Remembering the Struggles of the Elders: A Review of A Gift from Greensboro

Sometime in the 1970s, an African-American boy and his white friend ride their 10-speed bikes to the Woolworth’s in their North Carolina town.

we knew every corner of that department store

from the bird droppings in the basement

to the scent of musty popcorn.

We dared lunch counters innocently

we laughed in the face of history

Even so, the nameless Black narrator of Quraysh Ali Lansana’s moving poem knows that he and his best friend can only have fun together at the department store because of the struggles of the elders who defied Jim Crow to sit at the whites-only lunch counter there in the early 1960s. At lunchtime, they — a Black child and a White child — eat together at the same table, “where freedom’s students wore ketchup and abuse.”

But all things change, and after the turn of the century the Woolworth’s goes out of business, victim of a shifting economy. The narrator’s friend sends him a mug from the store, an artifact of a friendship long ago that was only possible because of the Civil Rights movement and its activists’ sacrifice a little more than a decade earlier.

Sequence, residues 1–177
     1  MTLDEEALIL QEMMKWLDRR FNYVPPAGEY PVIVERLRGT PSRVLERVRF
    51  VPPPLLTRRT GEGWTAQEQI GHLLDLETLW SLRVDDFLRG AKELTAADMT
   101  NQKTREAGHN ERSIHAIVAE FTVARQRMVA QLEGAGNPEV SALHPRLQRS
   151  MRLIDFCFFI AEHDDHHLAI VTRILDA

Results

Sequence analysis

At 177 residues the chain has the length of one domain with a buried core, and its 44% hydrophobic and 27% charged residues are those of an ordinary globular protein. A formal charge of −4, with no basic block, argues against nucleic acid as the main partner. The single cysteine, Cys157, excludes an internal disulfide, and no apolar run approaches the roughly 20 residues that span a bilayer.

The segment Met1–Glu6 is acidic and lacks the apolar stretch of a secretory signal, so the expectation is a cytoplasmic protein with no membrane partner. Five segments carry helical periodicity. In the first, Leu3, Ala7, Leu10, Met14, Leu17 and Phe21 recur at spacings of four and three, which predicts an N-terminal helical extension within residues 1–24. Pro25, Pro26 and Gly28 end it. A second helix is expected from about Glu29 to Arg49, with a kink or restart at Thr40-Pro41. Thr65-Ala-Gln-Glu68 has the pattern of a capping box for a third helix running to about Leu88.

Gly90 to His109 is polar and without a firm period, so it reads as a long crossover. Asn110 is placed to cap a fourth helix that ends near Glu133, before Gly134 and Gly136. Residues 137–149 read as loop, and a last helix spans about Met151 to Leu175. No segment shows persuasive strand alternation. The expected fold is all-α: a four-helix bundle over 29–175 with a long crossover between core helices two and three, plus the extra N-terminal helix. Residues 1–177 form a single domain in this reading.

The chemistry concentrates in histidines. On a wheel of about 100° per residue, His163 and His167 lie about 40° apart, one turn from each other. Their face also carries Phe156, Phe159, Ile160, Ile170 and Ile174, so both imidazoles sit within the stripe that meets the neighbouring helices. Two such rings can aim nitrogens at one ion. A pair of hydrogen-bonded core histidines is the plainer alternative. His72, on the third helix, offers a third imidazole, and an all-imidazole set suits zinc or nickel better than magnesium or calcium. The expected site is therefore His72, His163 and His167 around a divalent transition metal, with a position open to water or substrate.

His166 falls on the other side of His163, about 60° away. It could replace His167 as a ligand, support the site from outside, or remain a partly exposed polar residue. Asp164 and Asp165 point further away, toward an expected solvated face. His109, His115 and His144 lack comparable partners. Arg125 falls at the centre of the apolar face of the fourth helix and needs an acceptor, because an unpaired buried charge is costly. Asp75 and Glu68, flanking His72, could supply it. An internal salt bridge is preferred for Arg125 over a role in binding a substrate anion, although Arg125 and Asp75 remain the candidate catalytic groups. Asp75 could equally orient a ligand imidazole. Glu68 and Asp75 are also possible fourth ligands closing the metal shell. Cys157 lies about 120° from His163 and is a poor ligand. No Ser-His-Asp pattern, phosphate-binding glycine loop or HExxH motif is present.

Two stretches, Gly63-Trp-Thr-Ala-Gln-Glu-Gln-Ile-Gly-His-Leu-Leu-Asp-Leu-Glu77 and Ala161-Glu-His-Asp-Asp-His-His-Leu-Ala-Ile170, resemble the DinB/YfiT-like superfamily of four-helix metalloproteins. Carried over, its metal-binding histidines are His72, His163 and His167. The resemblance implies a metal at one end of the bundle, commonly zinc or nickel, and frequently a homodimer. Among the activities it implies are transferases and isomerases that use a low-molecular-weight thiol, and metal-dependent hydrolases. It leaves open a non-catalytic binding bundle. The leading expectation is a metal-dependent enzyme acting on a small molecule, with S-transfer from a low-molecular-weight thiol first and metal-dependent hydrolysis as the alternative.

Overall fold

Skip Hill’s mixed media drawings contrast intimate portraits of a friendship in black-and-white with vibrant color spreads that illustrate the history of the department store, from its heyday as a community meeting spot in the 1970s to its abandonment in recent years. Both the poem and the illustrations convey with gentleness and subtlety the truth that everything we enjoy today comes from the work of our elders, and it is our job to remember and to carry their work forward. An afterword explores what is true and what is invented in this semi-autobiographical poem, along with information about the International Civil Rights Center and Museum, which today occupies the space of the former Woolworth’s in Greensboro, North Carolina.

This brief but powerful book, by the young small press Penny Candy Books, is truly a gift – a gorgeous poem and a story for readers young and old to ponder.

2 comments for “Remembering the Struggles of the Elders: A Review of A Gift from Greensboro

  1. January 12, 2018 at 10:25 am

    Excellent review, Lyn. You have given me a gift. I ordered it. Cannot wait to talk to you about it after I finally have it in my hands. My eyes need such a story.

    • lynmillerlachmann
      January 12, 2018 at 2:07 pm

      Looking forward to it! Thank you for commenting!

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